How to Use ETFs to Invest in China

Foreign investors can now access mainland China stocks. If you have a strong stomach for the volatility and confidence in continuation of financial reforms, consider these ETFs

Caroline Gutman 19 December, 2014 | 12:08AM
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China’s economy is no longer seeing the record-breaking double-digit growth rates of the last decade, but investors may not want to overlook the world’s second largest economy just yet. With an impressive 7.5% GDP growth rate expected in 2014 and a stock market that returned almost 40%% year-to-date, China remains an investment worth considering. Still, investing in China requires a strong stomach for the volatility and confidence in continuation of financial reforms.

Because of capital controls and legal restrictions, until recently, foreign investors could access Chinese equities almost exclusively through the Hong Kong stock exchange. But government initiatives, such as the 2013 expansion of the Registered Qualified Foreign Institutional Investor (RQFII) quota system and the launch last month of the Shanghai-Hong Kong Stock Connect, which gives Hong Kong investors direct access to Shanghai-listed stocks, have opened up foreign investor access to Mainland-listed stocks. At the same time, these moves have spurred the creation of ETFs tracking these so-called A shares.

In the last year, five new China A-shares ETFs have come to the European market, gathering close to £1.5 billion in assets so far. The two largest are the synthetically replicated db-x trackers CSI 300 ETF (KT4) and the physically replicated db x-trackers Harvest CSI 300 ETF (ASHR), with assets under management of £670 million and £530 million, respectively. More are expected to launch in the coming months.

Why are Investors Turning to A-shares ETFs?

For one, overlap between A-shares and non-A-shares China equity indices is limited. The MSCI China A index and the MSCI China index currently have only 15% overlap in their holdings and share fewer than 30 out of about 150 constituents in the MSCI China index. The largest common company is Ping An Insurance Group, with a 2-3% weighting in each index.

A-shares may also add an extra level of diversification to a globally-balanced portfolio. Over the last 10 years, the MSCI China A index had a correlation of 33% to the S&P 500 and 37% to the MSCI Europe index. By contrast, the broader MSCI China index had a correlation of 62% to the S&P 500 and 71% to the MSCI Europe index. The opening of the A-share market to foreign investors may drive up correlations in the coming years, but it will likely be a slow process.

But before jumping into A-shares ETFs, there are several things investors should consider.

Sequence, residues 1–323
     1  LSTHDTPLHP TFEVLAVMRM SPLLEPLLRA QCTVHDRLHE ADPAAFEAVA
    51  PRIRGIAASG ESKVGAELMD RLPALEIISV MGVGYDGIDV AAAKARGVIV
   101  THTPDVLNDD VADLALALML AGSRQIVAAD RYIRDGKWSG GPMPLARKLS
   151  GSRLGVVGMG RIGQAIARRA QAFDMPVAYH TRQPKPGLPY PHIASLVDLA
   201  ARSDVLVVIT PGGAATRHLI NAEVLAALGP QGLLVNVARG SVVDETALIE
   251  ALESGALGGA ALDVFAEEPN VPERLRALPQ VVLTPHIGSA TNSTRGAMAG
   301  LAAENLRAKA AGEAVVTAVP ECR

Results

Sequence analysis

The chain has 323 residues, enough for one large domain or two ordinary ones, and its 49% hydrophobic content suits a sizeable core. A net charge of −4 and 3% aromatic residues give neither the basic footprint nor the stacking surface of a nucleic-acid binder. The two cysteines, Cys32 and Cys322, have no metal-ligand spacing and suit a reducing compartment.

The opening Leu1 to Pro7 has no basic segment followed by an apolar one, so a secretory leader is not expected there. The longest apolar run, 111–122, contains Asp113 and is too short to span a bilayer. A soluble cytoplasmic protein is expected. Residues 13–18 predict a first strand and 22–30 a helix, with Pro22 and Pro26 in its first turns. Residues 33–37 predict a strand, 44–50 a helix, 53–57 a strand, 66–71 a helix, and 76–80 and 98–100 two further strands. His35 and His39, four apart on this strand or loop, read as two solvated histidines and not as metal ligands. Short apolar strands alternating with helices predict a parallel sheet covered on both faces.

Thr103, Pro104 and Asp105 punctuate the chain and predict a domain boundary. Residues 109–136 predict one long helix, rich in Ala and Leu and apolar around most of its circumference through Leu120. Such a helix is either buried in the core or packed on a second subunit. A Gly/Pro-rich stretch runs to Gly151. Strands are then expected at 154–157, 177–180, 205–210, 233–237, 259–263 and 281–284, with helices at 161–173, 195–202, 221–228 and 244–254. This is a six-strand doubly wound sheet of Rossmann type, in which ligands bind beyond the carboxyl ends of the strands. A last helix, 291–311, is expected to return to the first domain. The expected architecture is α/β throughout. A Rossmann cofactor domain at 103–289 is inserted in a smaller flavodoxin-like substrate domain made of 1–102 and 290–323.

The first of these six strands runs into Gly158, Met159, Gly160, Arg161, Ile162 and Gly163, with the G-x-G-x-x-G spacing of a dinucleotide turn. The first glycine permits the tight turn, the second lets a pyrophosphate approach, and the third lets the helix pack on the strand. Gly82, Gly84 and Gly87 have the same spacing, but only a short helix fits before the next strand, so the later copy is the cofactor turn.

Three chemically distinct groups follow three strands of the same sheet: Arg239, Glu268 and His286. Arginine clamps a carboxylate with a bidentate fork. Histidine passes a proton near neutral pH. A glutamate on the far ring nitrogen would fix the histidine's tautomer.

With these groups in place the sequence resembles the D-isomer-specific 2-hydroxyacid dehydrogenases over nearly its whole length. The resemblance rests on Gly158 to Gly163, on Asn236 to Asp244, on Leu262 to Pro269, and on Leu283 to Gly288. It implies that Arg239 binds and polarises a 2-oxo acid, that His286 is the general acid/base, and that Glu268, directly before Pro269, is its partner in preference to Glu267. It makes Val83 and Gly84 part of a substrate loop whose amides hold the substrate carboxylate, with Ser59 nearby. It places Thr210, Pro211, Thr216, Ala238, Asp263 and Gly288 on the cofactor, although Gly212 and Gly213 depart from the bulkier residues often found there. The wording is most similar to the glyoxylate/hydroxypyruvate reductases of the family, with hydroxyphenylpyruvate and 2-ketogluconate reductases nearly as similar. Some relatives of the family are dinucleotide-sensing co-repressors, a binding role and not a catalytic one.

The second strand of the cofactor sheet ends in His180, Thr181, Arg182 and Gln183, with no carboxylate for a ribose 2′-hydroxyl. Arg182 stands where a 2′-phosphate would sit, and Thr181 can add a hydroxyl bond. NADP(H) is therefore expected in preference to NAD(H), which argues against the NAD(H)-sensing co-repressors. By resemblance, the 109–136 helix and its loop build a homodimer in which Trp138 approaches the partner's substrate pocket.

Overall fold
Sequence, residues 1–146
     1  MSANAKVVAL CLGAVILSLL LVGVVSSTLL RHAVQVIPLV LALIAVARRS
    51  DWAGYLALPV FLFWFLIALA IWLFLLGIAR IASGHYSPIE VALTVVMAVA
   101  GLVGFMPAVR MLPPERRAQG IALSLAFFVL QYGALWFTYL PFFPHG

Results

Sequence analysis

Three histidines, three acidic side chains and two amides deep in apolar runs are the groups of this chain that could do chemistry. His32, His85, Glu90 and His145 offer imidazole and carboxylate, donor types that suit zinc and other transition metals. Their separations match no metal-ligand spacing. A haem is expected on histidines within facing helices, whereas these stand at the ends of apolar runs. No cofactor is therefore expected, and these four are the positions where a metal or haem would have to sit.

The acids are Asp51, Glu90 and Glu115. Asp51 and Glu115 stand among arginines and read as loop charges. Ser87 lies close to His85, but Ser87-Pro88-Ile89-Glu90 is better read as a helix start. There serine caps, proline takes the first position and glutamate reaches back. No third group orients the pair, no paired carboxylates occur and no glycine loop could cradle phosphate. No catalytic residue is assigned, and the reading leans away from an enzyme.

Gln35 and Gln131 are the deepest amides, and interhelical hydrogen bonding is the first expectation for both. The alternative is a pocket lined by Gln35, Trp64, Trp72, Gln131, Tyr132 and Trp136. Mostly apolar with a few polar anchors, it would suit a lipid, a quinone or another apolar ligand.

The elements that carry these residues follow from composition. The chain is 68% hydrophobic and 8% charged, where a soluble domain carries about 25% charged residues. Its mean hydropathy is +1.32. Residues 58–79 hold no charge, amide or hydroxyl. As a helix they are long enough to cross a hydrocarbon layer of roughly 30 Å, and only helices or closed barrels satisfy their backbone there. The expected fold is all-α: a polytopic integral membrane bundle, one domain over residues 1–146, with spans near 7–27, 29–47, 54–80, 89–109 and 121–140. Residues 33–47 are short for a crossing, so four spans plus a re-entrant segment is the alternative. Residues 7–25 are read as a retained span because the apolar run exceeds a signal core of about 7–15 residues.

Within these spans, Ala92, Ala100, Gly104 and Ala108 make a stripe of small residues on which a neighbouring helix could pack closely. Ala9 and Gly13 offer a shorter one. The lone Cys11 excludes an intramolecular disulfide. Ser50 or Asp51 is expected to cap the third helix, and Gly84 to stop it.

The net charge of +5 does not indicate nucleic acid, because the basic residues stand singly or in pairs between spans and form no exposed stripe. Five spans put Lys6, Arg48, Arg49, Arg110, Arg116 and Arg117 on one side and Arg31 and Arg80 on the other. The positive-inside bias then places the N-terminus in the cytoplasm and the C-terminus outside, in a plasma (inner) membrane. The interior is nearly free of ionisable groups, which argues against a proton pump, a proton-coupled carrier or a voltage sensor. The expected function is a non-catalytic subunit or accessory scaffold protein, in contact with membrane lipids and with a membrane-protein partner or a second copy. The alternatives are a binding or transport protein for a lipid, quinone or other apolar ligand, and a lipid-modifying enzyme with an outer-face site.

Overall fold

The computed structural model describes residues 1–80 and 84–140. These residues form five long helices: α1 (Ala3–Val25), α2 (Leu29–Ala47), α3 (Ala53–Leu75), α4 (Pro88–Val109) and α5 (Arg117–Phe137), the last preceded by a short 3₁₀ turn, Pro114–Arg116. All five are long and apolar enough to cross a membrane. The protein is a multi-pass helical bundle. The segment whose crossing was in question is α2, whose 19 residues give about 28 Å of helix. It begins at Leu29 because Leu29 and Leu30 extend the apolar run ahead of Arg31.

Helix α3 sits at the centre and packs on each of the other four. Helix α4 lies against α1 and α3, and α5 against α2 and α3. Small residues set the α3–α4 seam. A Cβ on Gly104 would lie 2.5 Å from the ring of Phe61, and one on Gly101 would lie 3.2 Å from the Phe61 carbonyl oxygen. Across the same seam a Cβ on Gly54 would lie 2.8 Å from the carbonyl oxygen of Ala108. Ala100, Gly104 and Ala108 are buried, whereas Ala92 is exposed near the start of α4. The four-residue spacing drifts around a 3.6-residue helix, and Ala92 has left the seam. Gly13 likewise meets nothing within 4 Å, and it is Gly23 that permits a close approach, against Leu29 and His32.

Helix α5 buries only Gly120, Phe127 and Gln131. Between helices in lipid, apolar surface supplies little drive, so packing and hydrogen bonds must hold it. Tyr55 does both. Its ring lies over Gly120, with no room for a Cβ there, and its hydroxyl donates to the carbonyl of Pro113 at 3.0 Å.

The Chinese government still wields influence on China’s domestic stock market. Policy changes, trading restrictions and government intervention can influence A shares’ performance at both the company and sector levels.

Also, in general, A-shares experience greater volatility than non-domestic Chinese equities. The MSCI China A index had a 10-year standard deviation of 31.8%, versus 26.9% for the MSCI China index, and in one day in December the MSCI China A index dropped 5.6%.

A-shares also pose operational challenges for ETFs. Physically replicated A-shares ETFs must use what is known as the Renminbi Qualified Institutional Investor (RQFII) quota. But as with any quota system, supply and demand dynamics can be distorted. More specifically, once the quota is reached, the fund manager may not be able to acquire an additional RQFII quota, forcing him to suspend the creation of fund units, which could cause the ETF’s market price to diverge from its net asset value (NAV). The ETF will effectively be trading at a premium. Synthetically replicated A-shares ETFs are subject to a similar quota system (known as QFII).

Any changes to the QFII or RQFII quotas and to the trading of Chinese stocks in general, which can be made at any time by the Chinese government, may have a direct impact on A-shares ETF valuations.

And A-shares have become more expensive recently in both absolute and relative terms. While cross-listed companies’ A-shares have traditionally traded at a discount to H-shares – as high as 11% in July – that discrepancy has tightened considerably and even reversed. As of November, A-shares traded at a 10% premium to H-shares, following the launch of the Stock Connect programme.

With the potential to see A-shares added to major indices in the next few years, A-shares may become part and parcel of investors’ diversified portfolios. The Chinese government’s recent financial market liberalisations led MSCI to consider adding China A-shares to its Emerging Markets and ACWI indices, to be decided in mid-2015. But before then, investors can decide for themselves whether to take on or increase their A-shares exposure, and ride the Chinese equity market rollercoaster, through the growing selection of A-shares ETFs.

The information contained within is for educational and informational purposes ONLY. It is not intended nor should it be considered an invitation or inducement to buy or sell a security or securities noted within nor should it be viewed as a communication intended to persuade or incite you to buy or sell security or securities noted within. Any commentary provided is the opinion of the author and should not be considered a personalised recommendation. The information contained within should not be a person's sole basis for making an investment decision. Please contact your financial professional before making an investment decision.

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Securities Mentioned in Article

Security NamePriceChange (%)Morningstar
Xtrackers Harvest CSI300 ETF 1D14.80 USD-0.29Rating

About Author

Caroline Gutman  is a passive fund analyst for Morningstar